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The police in Freeport, N.Y., started the program to spot stolen vehicles -- but now find it capturing much, much more.
Last November, the Freeport Police Department turned on its system of 27 cameras across the New York village to scan the license plates of cars driving around town. Using the information from those scans, the system sends alerts to police when stolen vehicles have been spotted or other violations noted. And if a crime occurs, video can provide information on who was on the road when it took place.
However, after the cameras were turned on, police found the system even more successful than they imagined. A litany of minor offenses (such as expired tags or suspended registration stickers) set off an average of 700 alerts per day. As a result, Freeport officers have written more than 2,000 court summons and impounded 500 vehicles since the cameras went live. The cameras have also led to the capture of about two dozen individuals wanted for other crimes.
Yet while many law enforcement agencies have struggled to manage the raw data camera systems can produce -- video-storage for a mid-sized police force's bodycams, for example, can require a terabyte or more per week -- Freeport found itself with another challenge: actually policing all those infractions.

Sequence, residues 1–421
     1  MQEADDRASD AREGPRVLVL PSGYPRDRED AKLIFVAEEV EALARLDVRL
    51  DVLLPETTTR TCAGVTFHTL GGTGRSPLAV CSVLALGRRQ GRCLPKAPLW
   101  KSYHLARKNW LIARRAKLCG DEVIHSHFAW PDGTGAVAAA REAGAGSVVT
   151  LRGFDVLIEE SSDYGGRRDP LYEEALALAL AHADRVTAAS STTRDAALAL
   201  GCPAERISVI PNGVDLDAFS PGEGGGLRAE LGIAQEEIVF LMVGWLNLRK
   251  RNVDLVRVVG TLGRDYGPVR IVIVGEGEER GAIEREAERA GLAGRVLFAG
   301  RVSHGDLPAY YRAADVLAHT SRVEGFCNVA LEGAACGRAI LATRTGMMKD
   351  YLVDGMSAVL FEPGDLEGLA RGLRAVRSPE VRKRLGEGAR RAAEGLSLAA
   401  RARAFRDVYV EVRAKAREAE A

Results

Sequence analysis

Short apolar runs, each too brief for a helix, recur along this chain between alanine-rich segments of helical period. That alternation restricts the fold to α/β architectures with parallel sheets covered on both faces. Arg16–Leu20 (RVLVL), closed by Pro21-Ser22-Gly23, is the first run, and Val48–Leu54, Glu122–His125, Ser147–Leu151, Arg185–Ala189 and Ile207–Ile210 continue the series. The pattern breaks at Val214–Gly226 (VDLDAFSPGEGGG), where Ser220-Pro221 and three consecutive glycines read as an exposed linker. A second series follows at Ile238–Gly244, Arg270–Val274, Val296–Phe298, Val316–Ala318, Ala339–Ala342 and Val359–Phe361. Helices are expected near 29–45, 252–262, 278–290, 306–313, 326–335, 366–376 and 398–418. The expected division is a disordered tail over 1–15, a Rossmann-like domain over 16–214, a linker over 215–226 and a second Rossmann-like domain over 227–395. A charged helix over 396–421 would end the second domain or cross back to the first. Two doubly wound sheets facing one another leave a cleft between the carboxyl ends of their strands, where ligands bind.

The camera system itself cost $750,000, but police department overtime expenses jumped 20 percent as officers assessed each alert and decided how and when to respond. Freeport Police Chief Miguel Bermudez told the Associated Press that the department was forced to change its approach to the alarms because of the frequent activity. However, Bermudez and Freeport Mayor Robert Kennedy consider the program a success and may add more police officers dedicated to traffic and registration violations.
“In 2015, the crime has decreased in the Village of Freeport by 12.3 percent,” Kennedy told CBS New York.
The use of license plate readers by law enforcement has increased dramatically in recent years. A 2014 IEEE Spectrum report states 70 percent of police departments across the country are currently using license plate readers to some extent. And the datasets behind such systems are expanding accordingly: Last year, the New York City Police Department subscribed to a license plate reader database that contained 2.2 billion records.
Issues such as record keeping, access to archived information and broad-scale tracking of vehicles are issues that the American Civil Liberties Union has highlighting as more departments add the technology. Jason Starr, who works for the ACLU’s Nassau County Chapter, told CBS News he is concerned that the Freeport Police Department has not said who has access to the information.
"This is data that can be abused," Starr said. "There needs to be really tight measures on who has access to this information."
States and localities have different rules on what to do with the data collected and how long they can store it.
This article was changed Feb. 16 to correct a production error.